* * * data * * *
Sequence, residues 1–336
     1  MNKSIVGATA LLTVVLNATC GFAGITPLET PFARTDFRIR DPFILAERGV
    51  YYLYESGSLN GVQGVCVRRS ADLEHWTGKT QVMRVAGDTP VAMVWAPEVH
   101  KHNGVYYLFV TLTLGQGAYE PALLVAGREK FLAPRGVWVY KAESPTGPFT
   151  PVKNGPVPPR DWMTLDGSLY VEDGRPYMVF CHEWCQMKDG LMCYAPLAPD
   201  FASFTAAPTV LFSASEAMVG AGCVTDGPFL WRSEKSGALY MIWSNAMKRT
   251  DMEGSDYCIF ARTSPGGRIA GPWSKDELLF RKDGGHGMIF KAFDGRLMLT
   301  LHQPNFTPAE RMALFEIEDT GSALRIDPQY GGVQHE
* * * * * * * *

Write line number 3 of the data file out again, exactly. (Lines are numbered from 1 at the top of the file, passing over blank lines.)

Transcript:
    51  YYLYESGSLN GVQGVCVRRS ADLEHWTGKT QVMRVAGDTP VAMVWAPEVH